Planning for server reliability

Server reliability is of primary importance in our networked world. Billions of dollars in e-commerce is utterly dependent on reliable servers and reliable networks connecting those servers to users.

The Australian stock exchange (ASX) recently had a bad day when their trading system failed. Market opening was delayed by 90 minutes, and after experiencing problems during trading, they were forced to close two hours early. Subsequently, some trades had to be cancelled.

For a stock exchange, this performance is disastrous, and they have been subject to heavy criticism. ASIC, Australia's financial services regulator, has announced they will be investigating. Chi-X, a recently alternative Australian trading platform, will no doubt win some customers over the debacle.

What caused the ASX outage? The ASX has issued a fairly detailed technical report here. The original issue was a hardware failure, which in itself should not cause an outage - high availability systems always have failover provisions in place. The important question to answer is why the failover systems failed?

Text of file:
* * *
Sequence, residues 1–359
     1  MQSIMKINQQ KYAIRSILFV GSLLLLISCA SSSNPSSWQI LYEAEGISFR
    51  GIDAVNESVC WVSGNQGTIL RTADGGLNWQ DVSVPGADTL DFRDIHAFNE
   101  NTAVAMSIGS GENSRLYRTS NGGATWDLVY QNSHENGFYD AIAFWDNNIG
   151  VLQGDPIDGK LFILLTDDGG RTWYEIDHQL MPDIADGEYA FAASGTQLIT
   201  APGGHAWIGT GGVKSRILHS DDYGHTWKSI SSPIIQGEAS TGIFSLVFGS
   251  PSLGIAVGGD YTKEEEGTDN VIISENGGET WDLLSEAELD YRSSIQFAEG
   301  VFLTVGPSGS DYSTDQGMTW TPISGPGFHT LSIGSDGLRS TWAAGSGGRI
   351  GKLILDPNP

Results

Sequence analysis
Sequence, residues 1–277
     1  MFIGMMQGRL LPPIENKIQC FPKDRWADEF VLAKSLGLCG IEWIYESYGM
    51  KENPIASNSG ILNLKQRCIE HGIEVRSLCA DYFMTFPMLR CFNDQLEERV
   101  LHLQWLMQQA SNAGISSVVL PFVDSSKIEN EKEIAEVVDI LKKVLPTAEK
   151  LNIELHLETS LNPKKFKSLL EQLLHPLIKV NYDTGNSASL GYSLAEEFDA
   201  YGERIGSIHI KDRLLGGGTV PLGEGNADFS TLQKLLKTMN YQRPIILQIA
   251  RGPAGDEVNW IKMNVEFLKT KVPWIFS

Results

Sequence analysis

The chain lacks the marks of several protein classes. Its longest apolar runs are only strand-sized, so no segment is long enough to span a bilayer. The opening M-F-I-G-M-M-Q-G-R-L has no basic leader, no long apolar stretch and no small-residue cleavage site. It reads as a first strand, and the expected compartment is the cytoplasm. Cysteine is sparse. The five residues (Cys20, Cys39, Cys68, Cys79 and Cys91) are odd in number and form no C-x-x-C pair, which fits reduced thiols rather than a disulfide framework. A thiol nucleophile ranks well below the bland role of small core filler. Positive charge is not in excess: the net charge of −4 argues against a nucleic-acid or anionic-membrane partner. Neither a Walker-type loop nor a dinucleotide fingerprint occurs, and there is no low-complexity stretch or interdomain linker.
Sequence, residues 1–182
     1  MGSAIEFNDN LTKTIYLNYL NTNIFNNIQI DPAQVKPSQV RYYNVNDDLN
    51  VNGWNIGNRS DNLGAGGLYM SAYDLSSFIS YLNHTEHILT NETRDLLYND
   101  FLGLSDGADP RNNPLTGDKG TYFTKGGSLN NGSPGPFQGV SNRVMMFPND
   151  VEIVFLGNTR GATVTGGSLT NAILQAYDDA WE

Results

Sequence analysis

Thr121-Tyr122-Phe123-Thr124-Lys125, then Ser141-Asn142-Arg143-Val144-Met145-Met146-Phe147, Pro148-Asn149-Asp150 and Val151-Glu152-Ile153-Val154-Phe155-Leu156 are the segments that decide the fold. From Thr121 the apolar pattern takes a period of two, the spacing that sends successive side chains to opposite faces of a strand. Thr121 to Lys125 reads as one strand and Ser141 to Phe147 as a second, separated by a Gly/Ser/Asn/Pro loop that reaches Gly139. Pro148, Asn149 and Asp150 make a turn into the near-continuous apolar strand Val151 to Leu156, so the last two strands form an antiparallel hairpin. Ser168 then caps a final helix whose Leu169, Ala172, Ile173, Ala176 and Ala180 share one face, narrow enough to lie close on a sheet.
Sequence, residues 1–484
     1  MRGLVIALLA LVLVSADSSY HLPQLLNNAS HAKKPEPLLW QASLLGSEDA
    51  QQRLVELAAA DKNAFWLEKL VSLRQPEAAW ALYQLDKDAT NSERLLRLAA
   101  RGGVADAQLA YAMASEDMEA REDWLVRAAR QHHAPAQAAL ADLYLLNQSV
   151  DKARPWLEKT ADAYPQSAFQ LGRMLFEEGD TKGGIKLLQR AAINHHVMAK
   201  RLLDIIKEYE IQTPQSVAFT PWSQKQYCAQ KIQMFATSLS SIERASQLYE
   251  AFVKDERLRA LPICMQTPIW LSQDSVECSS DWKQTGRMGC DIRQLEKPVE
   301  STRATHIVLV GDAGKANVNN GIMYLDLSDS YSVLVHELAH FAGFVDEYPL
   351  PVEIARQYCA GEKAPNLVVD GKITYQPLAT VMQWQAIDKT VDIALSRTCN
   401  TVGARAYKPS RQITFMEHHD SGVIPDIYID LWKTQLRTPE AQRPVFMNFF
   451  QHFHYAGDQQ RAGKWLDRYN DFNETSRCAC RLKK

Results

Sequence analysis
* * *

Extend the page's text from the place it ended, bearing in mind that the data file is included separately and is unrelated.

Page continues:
The problem was the database server which holds all the ASX data, including trades and financial instruments (e.g. shares) that are traded. All ASX data is replicated onto a database server in a backup datacentre, and standard failover processes mean that when the database server fails, there should be a seamless failover to the backup database server.

Unfortunately, this did not happen completely. Most of the ASX trading system correctly failed over to the backup database server, but some subsystems were still connecting to the failed server. This was not detected until it became apparent there were inconsistencies in the reference data for some securities. At this point the market had to be closed until the inconsistencies were resolved.

The primary lesson to be learned from the ASX failure is that failover scenarios must be tested regularly - at least weekly, and possibly nightly. The ASX report states the last failover test was on 27 July, about 7 weeks prior to this incident! For such a mission critical system this seem inadequate. Given that the market closes around 4 pm, there seems no reason why overnight failover tests could not be run.

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Posted by John Faulds in